A senate motion to disallow amendments to the Future of Financial Advice (FoFA) reforms has been passed.

The repeal affects the Government’s proposed amendments to the Corporations Amendment (Streamlining of Future of Financial Advice) Bill 2014. The motion was passed by the senate on 24 November 2015, to remove a number of the proposed amendments to FoFA and to otherwise implement minor and technical changes.

Proposed amendments to the Bill regarding the best interest duty and provisions clarifying that a client and adviser could agree on the scope of any scaled advice sought were removed by the senate. The disallowance of these changes mean the best interest duty is as currently stated in section 961B of the Corporations Act 2001.

Also, under the current law, remuneration (both monetary and non-monetary) received in relation to both personal advice and general advice is captured by the ban on conflicted remuneration. The Bill proposed a targeted general advice provision that deemed benefits on general advice to not be conflicted remuneration if certain conditions were met. This proposal was removed by the senate. The carve out for general insurance products for conflicted remuneration remains unchanged.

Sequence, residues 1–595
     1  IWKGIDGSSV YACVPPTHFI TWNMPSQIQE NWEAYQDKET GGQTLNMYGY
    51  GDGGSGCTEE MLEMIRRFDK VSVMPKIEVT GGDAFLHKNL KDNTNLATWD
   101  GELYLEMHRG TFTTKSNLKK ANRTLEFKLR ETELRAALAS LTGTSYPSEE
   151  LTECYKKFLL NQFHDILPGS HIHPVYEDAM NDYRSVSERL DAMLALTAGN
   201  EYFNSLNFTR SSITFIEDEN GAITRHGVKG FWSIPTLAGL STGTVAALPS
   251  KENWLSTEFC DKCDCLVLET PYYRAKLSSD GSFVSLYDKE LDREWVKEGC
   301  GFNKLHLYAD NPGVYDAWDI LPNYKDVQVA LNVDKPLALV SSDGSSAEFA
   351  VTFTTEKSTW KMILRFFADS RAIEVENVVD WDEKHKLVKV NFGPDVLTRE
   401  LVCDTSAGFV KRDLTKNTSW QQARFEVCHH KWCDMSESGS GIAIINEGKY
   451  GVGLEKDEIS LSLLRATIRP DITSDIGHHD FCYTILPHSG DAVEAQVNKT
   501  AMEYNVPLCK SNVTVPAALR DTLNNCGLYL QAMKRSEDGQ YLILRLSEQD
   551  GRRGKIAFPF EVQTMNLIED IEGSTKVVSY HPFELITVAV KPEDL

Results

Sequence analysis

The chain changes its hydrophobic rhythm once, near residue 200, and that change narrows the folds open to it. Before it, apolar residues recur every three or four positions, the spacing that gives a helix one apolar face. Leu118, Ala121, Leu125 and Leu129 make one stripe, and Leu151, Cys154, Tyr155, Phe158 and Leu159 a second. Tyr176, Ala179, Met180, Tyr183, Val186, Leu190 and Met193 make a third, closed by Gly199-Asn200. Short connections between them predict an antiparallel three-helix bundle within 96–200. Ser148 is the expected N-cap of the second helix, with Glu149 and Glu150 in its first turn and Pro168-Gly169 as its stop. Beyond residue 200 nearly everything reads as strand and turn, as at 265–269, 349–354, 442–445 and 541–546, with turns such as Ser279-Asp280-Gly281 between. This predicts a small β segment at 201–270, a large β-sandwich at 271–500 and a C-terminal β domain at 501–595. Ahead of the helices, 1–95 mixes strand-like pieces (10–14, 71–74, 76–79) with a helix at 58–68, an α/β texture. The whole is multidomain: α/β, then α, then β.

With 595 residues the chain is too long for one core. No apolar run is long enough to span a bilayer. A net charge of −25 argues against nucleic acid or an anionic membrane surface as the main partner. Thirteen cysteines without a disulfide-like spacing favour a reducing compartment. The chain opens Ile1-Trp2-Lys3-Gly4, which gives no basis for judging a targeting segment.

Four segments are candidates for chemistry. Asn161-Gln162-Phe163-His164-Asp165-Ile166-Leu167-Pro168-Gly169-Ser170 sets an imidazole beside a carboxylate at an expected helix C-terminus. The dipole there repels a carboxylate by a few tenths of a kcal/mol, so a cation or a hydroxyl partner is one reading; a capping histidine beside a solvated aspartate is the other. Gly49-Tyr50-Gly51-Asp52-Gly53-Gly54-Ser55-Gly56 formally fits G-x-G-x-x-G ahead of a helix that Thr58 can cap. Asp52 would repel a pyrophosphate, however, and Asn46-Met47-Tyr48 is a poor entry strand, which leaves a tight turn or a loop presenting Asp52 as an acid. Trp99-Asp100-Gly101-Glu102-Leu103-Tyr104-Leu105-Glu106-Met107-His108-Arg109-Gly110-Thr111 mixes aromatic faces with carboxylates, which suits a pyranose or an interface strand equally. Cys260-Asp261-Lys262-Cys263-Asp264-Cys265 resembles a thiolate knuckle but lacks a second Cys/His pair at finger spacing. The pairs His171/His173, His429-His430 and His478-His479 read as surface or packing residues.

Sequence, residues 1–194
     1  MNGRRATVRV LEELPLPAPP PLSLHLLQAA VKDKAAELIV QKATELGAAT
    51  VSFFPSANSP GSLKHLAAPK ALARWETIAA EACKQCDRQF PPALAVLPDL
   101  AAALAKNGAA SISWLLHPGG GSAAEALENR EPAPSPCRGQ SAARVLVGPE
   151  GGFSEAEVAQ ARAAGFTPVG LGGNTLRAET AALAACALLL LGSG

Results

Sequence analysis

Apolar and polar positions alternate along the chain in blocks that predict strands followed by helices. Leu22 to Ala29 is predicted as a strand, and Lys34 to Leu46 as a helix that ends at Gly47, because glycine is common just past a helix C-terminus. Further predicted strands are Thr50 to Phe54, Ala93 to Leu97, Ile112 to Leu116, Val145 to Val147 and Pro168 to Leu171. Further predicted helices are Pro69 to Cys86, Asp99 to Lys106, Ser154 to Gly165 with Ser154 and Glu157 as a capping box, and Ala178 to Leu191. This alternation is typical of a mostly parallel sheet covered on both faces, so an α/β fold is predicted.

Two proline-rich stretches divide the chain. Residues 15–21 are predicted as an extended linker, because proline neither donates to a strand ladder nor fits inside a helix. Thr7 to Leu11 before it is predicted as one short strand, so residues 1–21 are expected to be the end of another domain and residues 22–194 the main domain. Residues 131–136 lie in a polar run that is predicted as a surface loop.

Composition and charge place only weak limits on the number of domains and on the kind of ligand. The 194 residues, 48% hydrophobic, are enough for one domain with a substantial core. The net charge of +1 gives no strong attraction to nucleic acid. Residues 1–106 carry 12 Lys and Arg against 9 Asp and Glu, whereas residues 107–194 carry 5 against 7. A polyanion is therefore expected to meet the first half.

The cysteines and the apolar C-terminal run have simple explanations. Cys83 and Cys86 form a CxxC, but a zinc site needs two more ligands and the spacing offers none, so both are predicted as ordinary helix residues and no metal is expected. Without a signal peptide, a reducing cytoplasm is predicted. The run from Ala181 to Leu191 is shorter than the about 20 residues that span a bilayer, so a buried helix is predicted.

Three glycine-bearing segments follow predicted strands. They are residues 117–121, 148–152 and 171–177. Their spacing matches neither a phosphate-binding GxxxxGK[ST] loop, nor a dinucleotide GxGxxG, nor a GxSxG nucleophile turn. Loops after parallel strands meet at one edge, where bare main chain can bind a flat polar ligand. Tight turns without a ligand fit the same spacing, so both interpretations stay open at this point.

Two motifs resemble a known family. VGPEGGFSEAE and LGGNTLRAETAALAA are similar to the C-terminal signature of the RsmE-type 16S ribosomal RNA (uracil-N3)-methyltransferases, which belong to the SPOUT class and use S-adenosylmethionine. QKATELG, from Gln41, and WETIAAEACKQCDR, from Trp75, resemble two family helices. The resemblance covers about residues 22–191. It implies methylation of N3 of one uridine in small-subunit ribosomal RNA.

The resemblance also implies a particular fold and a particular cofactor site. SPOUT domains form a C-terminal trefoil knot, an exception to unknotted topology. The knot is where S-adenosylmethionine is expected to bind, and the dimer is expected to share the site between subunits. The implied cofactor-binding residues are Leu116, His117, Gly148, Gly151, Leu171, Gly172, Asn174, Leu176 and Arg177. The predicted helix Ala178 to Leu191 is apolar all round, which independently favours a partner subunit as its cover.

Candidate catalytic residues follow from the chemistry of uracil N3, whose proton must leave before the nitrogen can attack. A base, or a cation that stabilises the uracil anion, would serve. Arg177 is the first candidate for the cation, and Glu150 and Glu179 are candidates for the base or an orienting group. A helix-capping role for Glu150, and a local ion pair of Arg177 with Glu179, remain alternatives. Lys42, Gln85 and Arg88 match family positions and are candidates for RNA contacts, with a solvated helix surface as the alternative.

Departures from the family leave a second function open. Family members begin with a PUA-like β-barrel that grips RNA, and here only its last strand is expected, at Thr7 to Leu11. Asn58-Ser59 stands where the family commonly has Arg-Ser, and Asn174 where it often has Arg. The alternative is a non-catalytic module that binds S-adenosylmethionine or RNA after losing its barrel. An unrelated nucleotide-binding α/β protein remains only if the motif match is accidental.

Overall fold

The minor and technical amendments to the Bill relate to:

  • amending the short title of the Bill;
  • extending the time for fee recipients to provide a renewal notice to a retail client from 30 to 60 days after the client’s fee renewal notice day; and
  • extending the time for fee recipients to provide fee disclosure statements to pre-1 July 2013 retail clients from 30 to 60 days.

The senate also removed the following from the Bill:

  • changes to the Statement of Advice (SOA) requirements;
  • repeal of the requirement that licensees send fee disclosure statements to pre-1 July 2013 clients;
  • repeal of the opt-in requirement for continuing an ongoing fee arrangement between a fee recipient and a client;
  • changes to the definition of ‘volume-based shelf-space’;
  • changes to the best interests duty and scaled advice (see above);
  • changes to the execution only provision;
  • changes to allow the payment of mixed benefits; and
  • the general advice exemption from conflicted remuneration (see above).

The passing of this Bill is likely to signal the finalising of the FoFA reforms for the immediate future.

To review all the amendments click here.